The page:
Since 2003, the Edmund Rice Centre has published a number of reports as part of our Deported to Danger research project.
The Responsibility to Protect - July 2017
This report is the continuation of ERC’s determination to investigate Australia’s most recent deportations to Afghanistan by providing an overview of Afghanistan’s current security, political, and socio-economic situation, the drivers and trends of migration, and the returnees’ experience, compiled from both primary and secondary sources. The sources selected for preparing this report include scholarly analysis, expert commentary, government and international organisations’ documents, officials’ statements, and newspaper reports as well as conducting interviews with experts and practitioners working at national and international development agencies in Afghanistan. In addition to relying on a wide range of primary and secondary sources, a number of deported Afghans from Australia, Europe and other countries have been interviewed in the context of returnees’ experience in order to broaden the focus of the report.
The report concludes that it would be impossible for Australian, European and other governments to guarantee the safety of Afghan returnees in this period of instability. Afghanistan is currently experiencing widespread conflict, intensifying violence, political instability, human rights abuses, lack of rule of law and good governance, economic hardships, and a serious refugee crisis. This has led to a situation whereby many Afghan people have been forced to leave their country and seek refuge in foreign nations in numbers that have not been seen since 2001. Between 2015 and 2016, tens of thousands of Afghans fled their homes in the hope of seeking asylum in Europe and other parts of the world. What is clear is that Afghans are leaving their country for a mixture of reasons, including political, security and economic, and it is not as simple as to claim that they are only leaving because of economic reasons.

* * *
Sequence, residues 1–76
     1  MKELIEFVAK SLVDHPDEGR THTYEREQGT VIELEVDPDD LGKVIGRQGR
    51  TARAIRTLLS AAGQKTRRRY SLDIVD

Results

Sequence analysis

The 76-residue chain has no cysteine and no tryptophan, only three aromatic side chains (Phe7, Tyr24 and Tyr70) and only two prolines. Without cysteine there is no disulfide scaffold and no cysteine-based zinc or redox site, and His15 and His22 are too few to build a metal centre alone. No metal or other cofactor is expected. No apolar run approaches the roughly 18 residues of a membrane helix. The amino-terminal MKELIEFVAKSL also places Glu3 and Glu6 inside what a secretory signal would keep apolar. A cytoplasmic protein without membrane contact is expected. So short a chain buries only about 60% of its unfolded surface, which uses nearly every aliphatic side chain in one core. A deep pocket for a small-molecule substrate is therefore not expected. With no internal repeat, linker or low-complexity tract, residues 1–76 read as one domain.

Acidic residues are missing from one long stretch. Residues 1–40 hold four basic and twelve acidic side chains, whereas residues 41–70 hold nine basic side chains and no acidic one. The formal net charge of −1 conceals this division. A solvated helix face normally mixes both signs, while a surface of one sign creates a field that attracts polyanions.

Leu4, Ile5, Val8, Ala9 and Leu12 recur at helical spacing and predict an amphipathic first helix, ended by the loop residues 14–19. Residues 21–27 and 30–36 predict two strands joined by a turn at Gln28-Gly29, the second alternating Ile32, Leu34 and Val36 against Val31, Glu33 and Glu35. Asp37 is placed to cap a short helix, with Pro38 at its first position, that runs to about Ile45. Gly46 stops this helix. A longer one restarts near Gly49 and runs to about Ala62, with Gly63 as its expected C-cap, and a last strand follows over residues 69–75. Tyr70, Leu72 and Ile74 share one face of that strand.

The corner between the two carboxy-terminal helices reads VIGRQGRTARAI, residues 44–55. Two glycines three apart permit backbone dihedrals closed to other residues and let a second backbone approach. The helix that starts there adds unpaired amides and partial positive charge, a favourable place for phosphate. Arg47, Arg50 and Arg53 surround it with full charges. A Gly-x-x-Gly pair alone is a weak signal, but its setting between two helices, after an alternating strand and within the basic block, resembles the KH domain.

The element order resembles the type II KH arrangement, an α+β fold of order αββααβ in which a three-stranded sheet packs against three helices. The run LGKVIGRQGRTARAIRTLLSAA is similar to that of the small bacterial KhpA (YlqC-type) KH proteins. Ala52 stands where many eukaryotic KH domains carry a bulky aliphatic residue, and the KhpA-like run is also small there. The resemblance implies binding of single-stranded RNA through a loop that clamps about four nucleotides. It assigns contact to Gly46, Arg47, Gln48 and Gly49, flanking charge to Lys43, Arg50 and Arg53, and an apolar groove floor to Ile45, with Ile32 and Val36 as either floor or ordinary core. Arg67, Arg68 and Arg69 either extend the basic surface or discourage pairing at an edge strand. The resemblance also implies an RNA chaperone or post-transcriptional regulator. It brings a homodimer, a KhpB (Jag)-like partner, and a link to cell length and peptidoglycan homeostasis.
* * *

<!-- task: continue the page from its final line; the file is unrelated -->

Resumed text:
Download The Responsibility to Protect
Afghanistan Situation Report - March 2017
There are significant number of Afghan people seeking asylum in Australia and in Australia's offshore processing centres on Manus Island and Nauru. At the same time, the security situation in Afghanistan has deteriorated and conflict has become more intense throughout the country. The Taliban and other armed opposition groups have expanded their control and influence over many regions of Afghanistan. This has resulted in a huge refugee crisis as tens of thousands of Afghans left the country in 2015 and 2016 in the hope of seeking refuge in Europe, Australia and other parts of the world.
Ironically, many of the Afghans’ asylum applications have been rejected by those countries, claiming that most of Afghans are economic immigrants rather than refugees. However, simply sending people back is not the solution as deportees require settlement options that are sustainable, and the Afghan government has been incapable of protecting its citizens against armed opposition groups, warlords and criminal bands. Ultimately, Afghanistan needs peace with strong commitment and continuous support from the international community to stay the course.
This Situation Report has been developed based on primary and secondary information and is a useful resource for lawyers, refugee advocates, academics, journalists and anyone interested in the situation in Afghanistan.
Download ERC Afghanistan Situation Report March 2017.
Failed asylum seekers: Sri Lanka -- Research Update 2, May 2015